Q301 : Omissions from Matthew’s Genealogy

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Q301 : Omissions from Matthew’s Genealogy

In Matthew 1:17, passage states that all generations from Abraham to David were fourteen, from David to Babylon Captivity (BC) were fourteen, from BC to Christ were fourteen.

So all the generations from Abraham to David [are] fourteen generations, from David until the captivity in Babylon [are] fourteen generations, and from the captivity in Babylon until the Christ [are] fourteen generations.1

However, Matthew skipped generations in the David to BC section and likely the BC to Christ. How do we account for this and why?


1.NKJV, Mat. 1:17


NKJVUnless indicated otherwise, all Scripture references are from the New King James Version, copyright © 1982 by Thomas Nelson, Inc. Used by permission. All rights reserved.

A301 : by Tony Garland

As you observe, Matthew purposefully divided his genealogy of Jesus into three groups of fourteen, explicitly identifying the points of division (David and the Babylonian Captivity, Mat. 1:17). The groups are as follows (Mat. 1:2-16):

Group 1: Abraham to David

  1. Abraham begot Isaac,
  2. Isaac begot Jacob,
  3. Jacob begot Judah and his brothers.
  4. Judah begot Perez and Zerah by Tamar,
  5. Perez begot Hezron, and
  6. Hezron begot Ram.
  7. Ram begot Amminadab,
  8. Amminadab begot Nahshon, and
  9. Nahshon begot Salmon.
  10. Salmon begot Boaz by Rahab,
  11. Boaz begot Obed by Ruth,
  12. Obed begot Jesse, and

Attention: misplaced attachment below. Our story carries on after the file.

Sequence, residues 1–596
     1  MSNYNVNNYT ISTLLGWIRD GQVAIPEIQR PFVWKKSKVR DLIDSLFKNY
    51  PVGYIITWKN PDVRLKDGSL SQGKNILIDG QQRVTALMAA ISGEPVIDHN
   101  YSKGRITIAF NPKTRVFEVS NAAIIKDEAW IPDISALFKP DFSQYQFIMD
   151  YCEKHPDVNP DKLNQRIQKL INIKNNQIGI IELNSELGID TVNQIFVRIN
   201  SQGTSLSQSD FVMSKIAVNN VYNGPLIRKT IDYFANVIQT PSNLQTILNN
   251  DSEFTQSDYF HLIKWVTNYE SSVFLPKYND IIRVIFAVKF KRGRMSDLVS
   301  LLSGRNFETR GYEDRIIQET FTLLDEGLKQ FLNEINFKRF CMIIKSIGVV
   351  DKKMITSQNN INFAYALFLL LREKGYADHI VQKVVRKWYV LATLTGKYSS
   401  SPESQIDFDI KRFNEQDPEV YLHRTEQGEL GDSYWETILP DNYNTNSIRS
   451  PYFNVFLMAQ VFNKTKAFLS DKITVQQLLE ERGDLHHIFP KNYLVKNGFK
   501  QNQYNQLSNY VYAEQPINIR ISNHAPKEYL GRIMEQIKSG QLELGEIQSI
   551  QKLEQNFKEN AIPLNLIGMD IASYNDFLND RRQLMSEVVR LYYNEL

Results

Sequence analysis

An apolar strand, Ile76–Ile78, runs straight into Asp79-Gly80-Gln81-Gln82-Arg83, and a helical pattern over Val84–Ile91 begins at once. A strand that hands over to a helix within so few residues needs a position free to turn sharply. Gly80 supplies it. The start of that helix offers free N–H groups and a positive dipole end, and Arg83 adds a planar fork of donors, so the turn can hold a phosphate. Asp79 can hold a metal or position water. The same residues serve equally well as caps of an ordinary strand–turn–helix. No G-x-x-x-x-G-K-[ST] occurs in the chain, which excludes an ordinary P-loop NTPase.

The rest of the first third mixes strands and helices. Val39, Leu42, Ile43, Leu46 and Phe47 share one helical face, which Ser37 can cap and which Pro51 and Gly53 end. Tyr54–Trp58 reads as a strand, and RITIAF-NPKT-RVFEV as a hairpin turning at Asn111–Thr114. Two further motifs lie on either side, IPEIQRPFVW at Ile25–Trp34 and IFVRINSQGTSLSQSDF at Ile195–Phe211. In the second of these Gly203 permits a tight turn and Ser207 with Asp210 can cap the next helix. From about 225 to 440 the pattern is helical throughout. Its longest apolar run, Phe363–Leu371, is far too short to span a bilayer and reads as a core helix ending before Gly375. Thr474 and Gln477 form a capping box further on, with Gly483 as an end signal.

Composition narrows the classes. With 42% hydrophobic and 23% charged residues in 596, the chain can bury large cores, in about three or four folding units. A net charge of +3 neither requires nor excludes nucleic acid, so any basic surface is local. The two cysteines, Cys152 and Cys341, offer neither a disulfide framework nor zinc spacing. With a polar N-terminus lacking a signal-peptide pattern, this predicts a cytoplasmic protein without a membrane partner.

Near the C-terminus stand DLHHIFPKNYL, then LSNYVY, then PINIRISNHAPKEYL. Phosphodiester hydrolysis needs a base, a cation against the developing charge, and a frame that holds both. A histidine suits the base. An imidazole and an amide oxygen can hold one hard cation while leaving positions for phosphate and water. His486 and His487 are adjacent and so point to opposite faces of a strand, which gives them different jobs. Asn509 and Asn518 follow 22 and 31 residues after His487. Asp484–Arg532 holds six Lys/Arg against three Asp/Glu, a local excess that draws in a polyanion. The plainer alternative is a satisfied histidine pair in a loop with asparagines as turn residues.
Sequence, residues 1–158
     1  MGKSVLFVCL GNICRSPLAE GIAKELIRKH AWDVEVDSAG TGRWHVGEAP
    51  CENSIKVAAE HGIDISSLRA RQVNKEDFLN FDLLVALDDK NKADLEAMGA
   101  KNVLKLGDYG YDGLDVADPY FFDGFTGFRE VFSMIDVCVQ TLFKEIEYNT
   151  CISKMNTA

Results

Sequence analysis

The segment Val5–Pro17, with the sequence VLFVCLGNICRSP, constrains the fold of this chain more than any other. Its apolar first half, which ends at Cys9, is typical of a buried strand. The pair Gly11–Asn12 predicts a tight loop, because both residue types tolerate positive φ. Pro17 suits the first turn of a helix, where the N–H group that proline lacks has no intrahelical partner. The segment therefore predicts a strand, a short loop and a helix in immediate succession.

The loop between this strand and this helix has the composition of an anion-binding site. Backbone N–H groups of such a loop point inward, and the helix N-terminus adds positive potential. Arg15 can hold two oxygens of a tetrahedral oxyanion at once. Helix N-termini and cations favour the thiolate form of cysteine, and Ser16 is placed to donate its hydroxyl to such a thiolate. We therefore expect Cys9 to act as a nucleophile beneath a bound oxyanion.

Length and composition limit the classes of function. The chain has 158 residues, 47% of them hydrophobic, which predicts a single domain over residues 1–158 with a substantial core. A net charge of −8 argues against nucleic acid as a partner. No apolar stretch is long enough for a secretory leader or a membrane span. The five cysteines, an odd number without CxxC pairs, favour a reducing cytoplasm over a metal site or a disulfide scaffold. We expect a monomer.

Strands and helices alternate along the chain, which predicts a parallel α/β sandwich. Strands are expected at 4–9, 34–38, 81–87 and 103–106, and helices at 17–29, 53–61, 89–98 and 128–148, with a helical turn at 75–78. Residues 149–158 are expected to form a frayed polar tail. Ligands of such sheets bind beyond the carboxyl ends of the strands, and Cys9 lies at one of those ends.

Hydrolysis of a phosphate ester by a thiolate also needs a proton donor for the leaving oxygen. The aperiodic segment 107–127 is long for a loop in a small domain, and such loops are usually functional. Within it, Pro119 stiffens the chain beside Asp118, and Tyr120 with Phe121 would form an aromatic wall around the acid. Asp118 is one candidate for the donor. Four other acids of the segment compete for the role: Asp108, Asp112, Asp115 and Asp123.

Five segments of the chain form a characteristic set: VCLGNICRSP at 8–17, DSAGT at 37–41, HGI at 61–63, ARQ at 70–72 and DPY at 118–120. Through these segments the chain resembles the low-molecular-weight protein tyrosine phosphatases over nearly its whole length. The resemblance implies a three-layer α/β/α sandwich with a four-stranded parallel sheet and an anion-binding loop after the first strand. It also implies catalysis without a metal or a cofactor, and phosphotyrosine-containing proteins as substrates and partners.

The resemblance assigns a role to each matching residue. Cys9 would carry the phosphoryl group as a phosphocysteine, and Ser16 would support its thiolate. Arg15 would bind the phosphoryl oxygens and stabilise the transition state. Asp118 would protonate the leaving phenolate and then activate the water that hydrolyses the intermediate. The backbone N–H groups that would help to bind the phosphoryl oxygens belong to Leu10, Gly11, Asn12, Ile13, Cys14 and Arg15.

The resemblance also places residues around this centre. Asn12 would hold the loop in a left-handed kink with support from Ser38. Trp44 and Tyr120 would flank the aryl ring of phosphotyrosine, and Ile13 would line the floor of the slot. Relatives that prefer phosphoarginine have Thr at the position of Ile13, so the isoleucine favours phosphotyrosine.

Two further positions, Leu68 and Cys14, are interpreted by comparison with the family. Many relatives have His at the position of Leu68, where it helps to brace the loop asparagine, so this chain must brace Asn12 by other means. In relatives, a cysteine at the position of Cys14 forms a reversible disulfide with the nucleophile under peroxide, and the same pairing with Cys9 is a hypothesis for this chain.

13. Jesse begot
  14. David the king.
Group 2: David to the Babylonian Captivity

  1. David the king begot
  2. Solomon by her [who had been the wife] of Uriah. Solomon begot Rehoboam,
  3. Rehoboam begot Abijah, and
  4. Abijah begot Asa.
  5. Asa begot Jehoshaphat,
  6. Jehoshaphat begot Joram, and
  7. Joram begot Uzziah.
  8. Uzziah begot Jotham,
  9. Jotham begot Ahaz, and
  10. Ahaz begot Hezekiah.
  11. Hezekiah begot Manasseh,
  12. Manasseh begot Amon,
  13. Amon begot Josiah.
  14. Josiah begot Jeconiah and his brothers
about the time they were carried away to Babylon.

Group 3: Babylonian Captivity to Christ

And after they were brought to Babylon,

  1. Jeconiah begot Shealtiel, and
  2. Shealtiel begot Zerubbabel.
  3. Zerubbabel begot Abiud,
  4. Abiud begot Eliakim, and
  5. Eliakim begot Azor.
  6. Azor begot Zadok,
  7. Zadok begot Achim, and
  8. Achim begot Eliud.
  9. Eliud begot Eleazar,
  10. Eleazar begot Matthan, and
  11. Matthan begot Jacob. And
  12. Jacob begot
  13. Joseph the husband of Mary, of whom was born
  14. Jesus who is called Christ.
The dividing points in the genealogy are established by Matthew 1:17 (Abraham-to-David, David-to-captivity, captivity-to-Christ) and by clues in the text: the extra phrases the king associated with the mention of David and the mention of the Babylonian Captivity between the two mentions of Jeconiah.

Why did Matthew choose to present the genealogy of Jesus in this way?

Why are names omitted between Abraham to David?

Ahaziah, Joash, Amaziah, and Jehoiakim appear to be missing. The first three are in 1 Chronicles 3:11-12 (cf. 2 Chronicles 26), and the last is in 2 Kings 24:6. Mathew 1:17 shows that Matthew was selecting three sets of fourteen, so his omissions were deliberate.1

Since Ahaziah, Joash, and Amaziah, were the near offspring of the evil king and queen Ahab and Jezebel, perhaps they were purposefully omitted from the first group.3

Or perhaps Matthew omitted them to form three groups of equal number as a helpful memory aid.5